‘Avatar’ may have enthralled worldwide audiences with it’s imagery of an utopian alien world but movie-goers have complained of depression and even suicidal thoughts after watching the sci-fi hit.

Fans of James Cameron’s 3D magnum opus are seemingly finding it hard to separate fact from fiction and Internet forums have been flooded with posts by movie-goers plagued with suicidal thoughts about not being able to visit the planet Pandora, reported CNN online.

North American fan site ‘Avatar Forums’ has received 2,000 posts under a thread entitled ‘Ways to cope with the depression of the dream of Pandora being intangible’

Forum administrator Philippe Baghdassarian said, “The movie was so beautiful and it showed something we don’t have here on Earth. I think people saw we could be living in a completely different world and that caused them to be depressed.”

The blockbuster movie, which has already taken more than USD 1 billion at the box office, tells the story of a disabled marine sent on a mission to a planet called Pandora, home to a race of giant blue aliens.

Humans are intent on exploiting the planet for its resources but clash with the native Na’vi, who inhabit their world in perfect harmony with nature.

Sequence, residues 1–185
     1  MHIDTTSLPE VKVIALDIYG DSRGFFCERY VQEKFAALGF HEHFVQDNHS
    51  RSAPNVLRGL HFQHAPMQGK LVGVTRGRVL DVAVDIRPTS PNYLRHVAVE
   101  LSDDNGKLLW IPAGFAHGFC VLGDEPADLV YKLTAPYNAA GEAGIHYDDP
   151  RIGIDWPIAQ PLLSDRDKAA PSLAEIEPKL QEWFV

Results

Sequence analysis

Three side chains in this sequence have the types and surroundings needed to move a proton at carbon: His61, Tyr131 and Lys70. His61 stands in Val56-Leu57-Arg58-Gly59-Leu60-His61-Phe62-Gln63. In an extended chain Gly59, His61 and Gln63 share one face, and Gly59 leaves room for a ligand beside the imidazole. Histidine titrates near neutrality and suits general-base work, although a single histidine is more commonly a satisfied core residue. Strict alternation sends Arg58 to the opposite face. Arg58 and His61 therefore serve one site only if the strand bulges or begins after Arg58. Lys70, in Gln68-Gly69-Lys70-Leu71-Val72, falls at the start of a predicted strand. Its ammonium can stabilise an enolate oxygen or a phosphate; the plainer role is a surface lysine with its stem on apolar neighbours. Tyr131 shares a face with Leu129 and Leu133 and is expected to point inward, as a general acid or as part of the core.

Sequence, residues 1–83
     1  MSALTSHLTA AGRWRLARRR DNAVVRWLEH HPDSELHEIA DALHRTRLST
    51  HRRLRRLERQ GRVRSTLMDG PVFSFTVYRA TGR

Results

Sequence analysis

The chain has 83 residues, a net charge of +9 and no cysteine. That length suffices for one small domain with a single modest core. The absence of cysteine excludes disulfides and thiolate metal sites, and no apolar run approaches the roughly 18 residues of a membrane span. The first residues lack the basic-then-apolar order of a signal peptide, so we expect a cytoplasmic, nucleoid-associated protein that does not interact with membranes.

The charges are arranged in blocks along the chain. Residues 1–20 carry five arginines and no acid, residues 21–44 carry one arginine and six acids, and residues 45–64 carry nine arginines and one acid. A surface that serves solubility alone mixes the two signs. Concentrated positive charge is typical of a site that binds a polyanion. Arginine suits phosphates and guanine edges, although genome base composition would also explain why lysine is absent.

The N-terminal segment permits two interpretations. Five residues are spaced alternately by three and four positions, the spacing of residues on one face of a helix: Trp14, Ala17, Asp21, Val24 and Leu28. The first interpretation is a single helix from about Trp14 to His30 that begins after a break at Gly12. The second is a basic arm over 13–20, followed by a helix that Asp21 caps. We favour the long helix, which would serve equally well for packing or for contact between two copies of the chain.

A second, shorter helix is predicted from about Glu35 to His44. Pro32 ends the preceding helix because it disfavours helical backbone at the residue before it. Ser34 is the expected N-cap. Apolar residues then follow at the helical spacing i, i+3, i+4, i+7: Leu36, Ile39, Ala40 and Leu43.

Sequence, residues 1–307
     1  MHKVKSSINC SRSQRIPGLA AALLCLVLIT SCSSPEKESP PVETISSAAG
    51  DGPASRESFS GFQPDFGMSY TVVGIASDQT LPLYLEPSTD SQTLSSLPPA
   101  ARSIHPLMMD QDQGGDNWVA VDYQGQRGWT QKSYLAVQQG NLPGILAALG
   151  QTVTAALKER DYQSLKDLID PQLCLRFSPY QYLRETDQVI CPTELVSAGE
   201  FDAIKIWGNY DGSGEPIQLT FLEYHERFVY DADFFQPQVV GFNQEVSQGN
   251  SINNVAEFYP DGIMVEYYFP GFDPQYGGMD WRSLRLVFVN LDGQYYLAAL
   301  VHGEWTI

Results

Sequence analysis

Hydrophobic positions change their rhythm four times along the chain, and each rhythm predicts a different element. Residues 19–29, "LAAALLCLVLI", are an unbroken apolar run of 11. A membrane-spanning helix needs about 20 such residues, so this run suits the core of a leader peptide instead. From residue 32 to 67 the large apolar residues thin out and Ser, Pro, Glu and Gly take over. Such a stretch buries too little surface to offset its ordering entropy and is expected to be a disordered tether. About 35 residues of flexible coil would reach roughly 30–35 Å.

Forum user ‘Okoi’ writes, “After I watched Avatar at the first time, I truly felt depressed as I ‘wake’ up in this world again.”

Another user Mike wrote on another fan site ‘Naviblue’ that he considered suicide after watching the film.

“Ever since I went to see “Avatar” I have been depressed. Watching the wonderful world of Pandora and all the Na’vi made me want to be one of them. I even contemplate suicide thinking that if I do it I will be reborn in a world similar to Pandora,” wrote Mike.

The incredible visual realism of the film means viewers become particularly attached, say psychiatrists.

“The film is the pinnacle of what we can build in a virtual presentation so far. It has taken the best of our technology to create this virtual world and real life will never be as utopian as it seems onscreen. It makes real life seem more imperfect,” said Dr. Stephan Quentzel, psychiatrist and Medical Director for the Louis Armstrong Centre for Music and Medicine.

The film also failed to impress the Vatican, which has slammed the sci-fi movie as “sentimental hokum.”